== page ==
A Year of Borrowed Men

Barker, Michelle. A Year of Borrowed Men. Toronto: Pajama Press, 2015.
Another brilliantly written story by the award-winning Michelle Barker. Set in World War 2 and based on her mother’s childhood, this picture book tells the story of three French prisoners of war sent to help on a farm in Germany. Despite the dangers from spying neighbours and stern policemen, the family treats the prisoners with care and kindness until the end of the war. Told from the point of view of a seven-year-old girl, there are bits of ironic humour that only older readers will notice: the village police officer is known for having become someone to fear; the invading Russians open all the barn doors and set even the animals free, leaving the family without any cows for milk and butter. The flowing language, the font of the text, and the design of the pages combine to create a story ideal for reading aloud. Tenderly illustrated in water colour and coloured pencils by the award-winning artist Renné Benoit and supplemented by an afterword and five black-and-white photographs, this picture book is highly recommended for readers 7 years old and up.

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My Long List of Impossible Things

Barker, Michelle. My Long List of Impossible Things. Toronto: Annick Press, 2020.
The second world war is ending in Germany, but that does not mean safety for Katja’s family. The Soviets are invading. Katja’s father has already been long gone, killed in the war, so Katya, her older sister Hilde, and their mother are on their own, travelling by foot through forests and along dangerous roads, seeking refuge farther west.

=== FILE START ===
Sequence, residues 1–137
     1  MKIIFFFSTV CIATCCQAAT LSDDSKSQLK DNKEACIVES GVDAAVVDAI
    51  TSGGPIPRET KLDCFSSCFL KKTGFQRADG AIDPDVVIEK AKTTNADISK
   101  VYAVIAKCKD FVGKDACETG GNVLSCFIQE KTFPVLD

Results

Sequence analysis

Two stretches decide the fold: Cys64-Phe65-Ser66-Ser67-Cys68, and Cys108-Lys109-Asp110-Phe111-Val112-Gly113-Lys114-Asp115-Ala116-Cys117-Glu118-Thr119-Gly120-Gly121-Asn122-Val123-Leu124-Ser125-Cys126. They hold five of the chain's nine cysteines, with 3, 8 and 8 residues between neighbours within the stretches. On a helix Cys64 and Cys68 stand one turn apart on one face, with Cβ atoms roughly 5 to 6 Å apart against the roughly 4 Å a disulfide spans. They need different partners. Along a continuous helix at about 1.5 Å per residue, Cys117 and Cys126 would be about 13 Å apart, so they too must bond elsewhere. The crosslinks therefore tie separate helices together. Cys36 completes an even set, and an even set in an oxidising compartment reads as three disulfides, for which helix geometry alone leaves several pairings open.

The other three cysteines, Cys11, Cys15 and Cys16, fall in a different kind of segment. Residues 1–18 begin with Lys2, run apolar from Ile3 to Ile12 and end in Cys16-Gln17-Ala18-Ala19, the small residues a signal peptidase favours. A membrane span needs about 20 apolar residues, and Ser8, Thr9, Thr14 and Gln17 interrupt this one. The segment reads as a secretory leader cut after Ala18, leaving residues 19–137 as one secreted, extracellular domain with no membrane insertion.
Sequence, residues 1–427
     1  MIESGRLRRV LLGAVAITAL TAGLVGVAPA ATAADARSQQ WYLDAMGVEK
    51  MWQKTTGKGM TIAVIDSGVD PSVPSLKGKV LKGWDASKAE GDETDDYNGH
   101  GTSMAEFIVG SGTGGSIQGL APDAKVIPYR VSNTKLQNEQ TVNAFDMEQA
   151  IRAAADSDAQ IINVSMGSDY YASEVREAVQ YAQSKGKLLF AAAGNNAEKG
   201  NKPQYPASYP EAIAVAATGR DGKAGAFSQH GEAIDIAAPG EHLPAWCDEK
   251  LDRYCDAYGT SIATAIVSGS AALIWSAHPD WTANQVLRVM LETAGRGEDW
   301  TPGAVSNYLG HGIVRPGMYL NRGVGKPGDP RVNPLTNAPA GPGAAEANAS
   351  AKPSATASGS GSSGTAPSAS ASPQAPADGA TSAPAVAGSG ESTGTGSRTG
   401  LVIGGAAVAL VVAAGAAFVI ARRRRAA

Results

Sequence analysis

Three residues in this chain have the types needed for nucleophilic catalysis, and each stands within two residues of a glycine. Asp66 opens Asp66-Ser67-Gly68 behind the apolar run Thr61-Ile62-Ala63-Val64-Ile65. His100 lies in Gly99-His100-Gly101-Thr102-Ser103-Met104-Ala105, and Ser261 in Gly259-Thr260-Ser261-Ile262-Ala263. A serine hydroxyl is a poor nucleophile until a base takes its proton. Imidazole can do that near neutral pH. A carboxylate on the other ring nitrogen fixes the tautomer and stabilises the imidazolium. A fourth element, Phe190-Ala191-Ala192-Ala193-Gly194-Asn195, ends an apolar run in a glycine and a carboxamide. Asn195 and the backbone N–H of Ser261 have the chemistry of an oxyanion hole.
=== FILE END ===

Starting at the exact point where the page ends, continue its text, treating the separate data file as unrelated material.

Told from the first person point of view of Katya, a teenager who tends to speak impulsively and frequently unwisely, this extraordinary story provides a glimpse of life after the war. All the complexities, all the dangers, are vividly portrayed by an award-winning Canadian writer. Due to some of the language and some of the scenes, this novel is most suitable for readers 13 years of age and older. Highly recommended for adult readers, as well as teenagers.

Teachers: this is an excellent novel for analyzing character development. It would also be greatly enjoyed as a small group novel as it would be sure to provoke discussion.

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Arthur Who Wrote Sherlock

Bailey, Linda. Arthur Who Wrote Sherlock. Toronto: Tundra, 2022.
Everyone knows the famous detective Sherlock Holmes. But who is Arthur Conan Doyle? A quiet man who lives alone and stays indoors writing stories? No. Definitely not. Arthur Doyle loves sports – all sports – and is a superb storyteller. When he completes his schooling, he travels the world as a ship’s medical officer before coming back to Scotland to open his own practice. While he waits for patients to arrive, he writes stories, all of which are rejected by publishers. No one wants them. Until he writes about a detective, and Sherlock Holmes is born! (Arthur also marries twice, has five children, does more travelling, and does all he can to make sure people are not mistreated.) This biography – written in present tense – is a delight to read! It flows beautifully: perfect for reading aloud to younger students, excellent for teaching style to older students. And the liveliness of the writing and the humour of the illustrations (by Isabelle Follath) make it fun for any age. Outstanding!

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